| NEW YORK, April 4
NEW YORK, April 4 Mathew Martoma, a former
portfolio manager at hedge fund SAC Capital Management, has
hired a new lawyer to defend him in his insider-trading case.
Martoma has brought in Richard Strassberg at Goodwin Procter
to take over his defense, a spokesman for the law firm confirmed
on Thursday. The former fund manager previously was represented
by Charles Stillman, a prominent New York white-collar lawyer
with Stillman & Friedman.
In an affidavit filed on Thursday in U.S. District Court in
Manhattan, Strassberg said Martoma sought to replace his lawyers
because of Goodwin Procter's "expertise in the subject matter of
Martoma is one of several current or former SAC Capital
employees charged with insider trading while working at the $15
billion hedge fund run by billionaire Steven A. Cohen. Cohen has
not been charged with any wrongdoing
Michael Steinberg, a veteran SAC portfolio manager, was
charged last week with insider trading in two technology stocks.
He has pleaded not guilty.
Martoma has been charged with conspiracy and securities
fraud related to trades in Elan Corporation Plc and
Wyeth, which now is part of Pfizer Inc.
U.S. authorities said the trades were made based on illegal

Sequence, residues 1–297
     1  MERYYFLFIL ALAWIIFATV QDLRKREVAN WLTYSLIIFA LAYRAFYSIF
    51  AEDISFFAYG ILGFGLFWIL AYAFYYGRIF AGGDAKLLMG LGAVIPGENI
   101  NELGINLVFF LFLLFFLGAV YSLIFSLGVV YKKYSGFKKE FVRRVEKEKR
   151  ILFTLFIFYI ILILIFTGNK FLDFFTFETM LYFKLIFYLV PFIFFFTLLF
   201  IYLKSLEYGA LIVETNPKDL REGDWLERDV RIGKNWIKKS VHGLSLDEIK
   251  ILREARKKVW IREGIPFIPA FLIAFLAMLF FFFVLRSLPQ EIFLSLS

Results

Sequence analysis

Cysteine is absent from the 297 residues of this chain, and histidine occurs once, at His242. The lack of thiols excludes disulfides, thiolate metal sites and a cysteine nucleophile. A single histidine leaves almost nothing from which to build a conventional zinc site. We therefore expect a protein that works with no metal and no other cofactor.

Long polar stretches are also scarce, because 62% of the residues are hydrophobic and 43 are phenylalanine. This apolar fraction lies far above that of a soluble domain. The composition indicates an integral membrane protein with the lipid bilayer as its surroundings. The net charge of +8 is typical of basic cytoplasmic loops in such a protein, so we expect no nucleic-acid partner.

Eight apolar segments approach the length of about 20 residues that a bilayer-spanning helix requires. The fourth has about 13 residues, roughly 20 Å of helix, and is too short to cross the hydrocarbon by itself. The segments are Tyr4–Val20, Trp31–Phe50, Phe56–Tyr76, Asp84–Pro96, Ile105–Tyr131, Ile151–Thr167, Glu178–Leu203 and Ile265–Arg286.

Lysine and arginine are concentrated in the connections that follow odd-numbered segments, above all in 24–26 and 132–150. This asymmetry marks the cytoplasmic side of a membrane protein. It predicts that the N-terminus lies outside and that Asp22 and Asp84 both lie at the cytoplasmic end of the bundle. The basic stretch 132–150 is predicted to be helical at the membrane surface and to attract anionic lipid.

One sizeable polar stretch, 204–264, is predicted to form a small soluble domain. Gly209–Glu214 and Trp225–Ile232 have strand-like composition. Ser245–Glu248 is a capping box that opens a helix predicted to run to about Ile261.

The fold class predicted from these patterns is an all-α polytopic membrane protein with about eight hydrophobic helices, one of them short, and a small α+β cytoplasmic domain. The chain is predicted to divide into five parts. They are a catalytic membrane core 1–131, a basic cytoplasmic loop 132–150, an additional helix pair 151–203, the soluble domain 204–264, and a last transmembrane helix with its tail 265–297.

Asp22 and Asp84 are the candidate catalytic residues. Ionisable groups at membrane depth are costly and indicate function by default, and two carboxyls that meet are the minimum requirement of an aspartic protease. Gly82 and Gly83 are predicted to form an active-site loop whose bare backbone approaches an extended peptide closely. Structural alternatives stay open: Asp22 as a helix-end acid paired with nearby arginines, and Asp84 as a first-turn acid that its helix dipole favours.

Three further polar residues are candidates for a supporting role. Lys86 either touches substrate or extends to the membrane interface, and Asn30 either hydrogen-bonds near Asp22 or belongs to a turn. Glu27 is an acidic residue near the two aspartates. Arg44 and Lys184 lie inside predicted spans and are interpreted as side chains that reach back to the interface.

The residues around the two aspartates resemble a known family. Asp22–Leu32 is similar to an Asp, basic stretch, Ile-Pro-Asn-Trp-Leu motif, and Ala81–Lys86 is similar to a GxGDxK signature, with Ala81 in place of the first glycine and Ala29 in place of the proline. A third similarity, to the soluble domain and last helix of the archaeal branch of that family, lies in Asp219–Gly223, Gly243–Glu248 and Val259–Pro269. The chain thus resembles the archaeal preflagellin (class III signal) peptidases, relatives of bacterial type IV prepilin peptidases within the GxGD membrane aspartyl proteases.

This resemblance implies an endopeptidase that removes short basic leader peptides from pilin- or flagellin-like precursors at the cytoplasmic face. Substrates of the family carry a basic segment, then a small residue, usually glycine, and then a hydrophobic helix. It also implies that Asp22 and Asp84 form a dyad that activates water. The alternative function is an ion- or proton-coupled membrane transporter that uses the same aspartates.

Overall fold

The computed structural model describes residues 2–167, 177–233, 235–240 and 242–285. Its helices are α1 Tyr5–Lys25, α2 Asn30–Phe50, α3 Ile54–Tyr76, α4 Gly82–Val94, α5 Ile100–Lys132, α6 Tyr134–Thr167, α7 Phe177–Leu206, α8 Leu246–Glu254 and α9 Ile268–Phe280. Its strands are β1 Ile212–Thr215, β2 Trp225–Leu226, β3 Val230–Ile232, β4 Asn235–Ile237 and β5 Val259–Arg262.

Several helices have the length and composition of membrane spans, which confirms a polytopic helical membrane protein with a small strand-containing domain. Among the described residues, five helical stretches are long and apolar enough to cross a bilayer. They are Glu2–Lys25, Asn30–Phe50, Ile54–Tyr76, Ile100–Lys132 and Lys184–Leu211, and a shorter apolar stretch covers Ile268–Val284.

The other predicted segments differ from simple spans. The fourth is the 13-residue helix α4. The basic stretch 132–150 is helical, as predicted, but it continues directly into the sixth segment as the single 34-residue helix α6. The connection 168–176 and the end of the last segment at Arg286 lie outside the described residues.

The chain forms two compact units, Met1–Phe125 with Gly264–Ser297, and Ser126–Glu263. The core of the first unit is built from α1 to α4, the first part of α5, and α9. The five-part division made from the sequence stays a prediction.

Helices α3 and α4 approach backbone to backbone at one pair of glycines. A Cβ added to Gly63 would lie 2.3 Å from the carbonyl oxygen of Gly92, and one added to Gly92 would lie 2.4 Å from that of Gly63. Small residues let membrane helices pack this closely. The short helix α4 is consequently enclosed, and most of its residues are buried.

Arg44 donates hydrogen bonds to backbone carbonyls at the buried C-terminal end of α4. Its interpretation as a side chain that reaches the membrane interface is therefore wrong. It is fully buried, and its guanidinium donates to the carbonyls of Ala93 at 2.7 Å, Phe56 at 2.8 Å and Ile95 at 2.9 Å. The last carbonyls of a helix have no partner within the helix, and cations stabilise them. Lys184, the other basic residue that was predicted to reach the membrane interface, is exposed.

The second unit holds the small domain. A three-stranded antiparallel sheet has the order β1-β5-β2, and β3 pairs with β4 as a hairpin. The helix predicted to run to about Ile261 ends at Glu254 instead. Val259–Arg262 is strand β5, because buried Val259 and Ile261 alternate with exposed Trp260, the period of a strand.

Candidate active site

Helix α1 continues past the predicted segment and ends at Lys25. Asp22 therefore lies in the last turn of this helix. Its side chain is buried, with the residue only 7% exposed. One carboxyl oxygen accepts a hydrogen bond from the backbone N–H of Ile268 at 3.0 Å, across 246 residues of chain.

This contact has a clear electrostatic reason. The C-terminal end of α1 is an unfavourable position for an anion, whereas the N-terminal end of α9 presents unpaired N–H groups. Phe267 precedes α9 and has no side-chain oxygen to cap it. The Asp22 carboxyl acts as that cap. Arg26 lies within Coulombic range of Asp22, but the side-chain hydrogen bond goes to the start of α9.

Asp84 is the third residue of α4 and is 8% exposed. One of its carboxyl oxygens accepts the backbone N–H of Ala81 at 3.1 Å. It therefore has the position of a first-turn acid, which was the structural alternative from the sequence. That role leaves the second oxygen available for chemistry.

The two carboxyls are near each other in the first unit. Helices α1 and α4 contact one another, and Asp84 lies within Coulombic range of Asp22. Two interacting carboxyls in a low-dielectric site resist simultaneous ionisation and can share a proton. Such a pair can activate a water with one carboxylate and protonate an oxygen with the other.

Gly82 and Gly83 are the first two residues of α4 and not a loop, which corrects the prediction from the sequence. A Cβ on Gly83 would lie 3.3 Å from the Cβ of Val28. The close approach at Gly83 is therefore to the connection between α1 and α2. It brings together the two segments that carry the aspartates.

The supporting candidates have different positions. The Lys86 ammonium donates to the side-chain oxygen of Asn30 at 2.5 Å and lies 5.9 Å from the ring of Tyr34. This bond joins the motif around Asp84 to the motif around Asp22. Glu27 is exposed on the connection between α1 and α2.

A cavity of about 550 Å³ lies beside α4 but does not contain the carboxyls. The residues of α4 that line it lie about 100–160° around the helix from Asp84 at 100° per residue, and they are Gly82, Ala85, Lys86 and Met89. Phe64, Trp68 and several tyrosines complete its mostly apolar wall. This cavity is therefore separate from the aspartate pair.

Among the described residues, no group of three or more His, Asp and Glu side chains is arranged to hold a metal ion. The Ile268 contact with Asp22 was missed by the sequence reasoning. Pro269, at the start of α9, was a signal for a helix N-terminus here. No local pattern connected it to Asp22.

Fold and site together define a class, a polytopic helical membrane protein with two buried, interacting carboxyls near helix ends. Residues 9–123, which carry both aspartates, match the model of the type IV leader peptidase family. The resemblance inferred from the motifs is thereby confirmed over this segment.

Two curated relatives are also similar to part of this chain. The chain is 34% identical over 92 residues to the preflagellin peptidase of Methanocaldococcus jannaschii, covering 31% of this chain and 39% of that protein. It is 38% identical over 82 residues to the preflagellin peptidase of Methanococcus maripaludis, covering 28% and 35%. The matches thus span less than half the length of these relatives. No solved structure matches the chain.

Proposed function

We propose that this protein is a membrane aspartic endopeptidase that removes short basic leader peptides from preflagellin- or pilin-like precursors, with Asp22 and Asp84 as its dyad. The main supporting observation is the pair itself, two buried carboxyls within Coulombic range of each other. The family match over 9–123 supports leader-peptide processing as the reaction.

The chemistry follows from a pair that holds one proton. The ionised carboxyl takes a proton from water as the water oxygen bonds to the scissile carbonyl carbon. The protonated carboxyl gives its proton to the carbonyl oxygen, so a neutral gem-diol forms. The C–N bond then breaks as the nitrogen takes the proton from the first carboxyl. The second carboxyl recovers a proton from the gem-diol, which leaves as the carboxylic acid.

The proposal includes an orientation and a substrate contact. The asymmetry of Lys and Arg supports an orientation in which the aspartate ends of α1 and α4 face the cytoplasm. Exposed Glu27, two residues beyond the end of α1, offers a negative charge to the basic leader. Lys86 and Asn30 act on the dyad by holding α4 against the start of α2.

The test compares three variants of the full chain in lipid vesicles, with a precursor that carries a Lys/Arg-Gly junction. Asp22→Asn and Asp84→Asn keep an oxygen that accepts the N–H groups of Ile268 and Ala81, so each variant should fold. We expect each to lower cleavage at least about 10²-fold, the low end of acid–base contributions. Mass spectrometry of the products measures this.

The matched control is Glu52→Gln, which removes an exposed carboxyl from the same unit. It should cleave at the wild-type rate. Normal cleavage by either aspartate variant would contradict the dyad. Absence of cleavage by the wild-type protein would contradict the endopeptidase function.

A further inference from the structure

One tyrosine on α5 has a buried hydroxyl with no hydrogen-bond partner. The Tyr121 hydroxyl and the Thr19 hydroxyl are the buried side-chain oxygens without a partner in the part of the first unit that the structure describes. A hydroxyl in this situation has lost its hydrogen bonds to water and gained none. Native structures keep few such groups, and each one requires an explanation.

tips from a doctor and allowed CR Intrinsic Investors, an SAC
fund, to earn profits and dodge losses of $276 million in 2008.
Martoma has also been charged in a related civil action by
the U.S. Securities and Exchange Commission.
Strassberg is a former chief of the major crimes unit at the
Manhattan U.S. Attorney's Office.
He previously represented former Deutsche Bank trader
Jon-Paul Rorech in a civil insider trading case by the SEC
involving credit default swaps. A federal judge dismissed the
case in 2010 following a bench trial.
More recently, Strassberg represented Swiss bank Wegelin &
Co, which pleaded guilty earlier this year to helping wealthy
U.S. citizens evade taxes.
U.S. District Judge Paul Gardephe approved Martoma's lawyer
switch on Thursday, court records show. The judge is expected to
set a trial date at a June 5 hearing.
SAC has agreed to pay $616 million to settle two civil SEC
actions over insider-trading allegations. One of the
settlements, for $602 million, is with CR Intrinsic and stems
from the Martoma case.
While a smaller $14 million settlement with another SAC fund
has received judicial approval, U.S. District Judge Victor
Marrero in Manhattan on March 28 questioned the CR Intrinsic
deal and did not immediately approve it.
The case is USA v. Martoma, U.S. District Court, Southern
District of New York, No. 12-00973.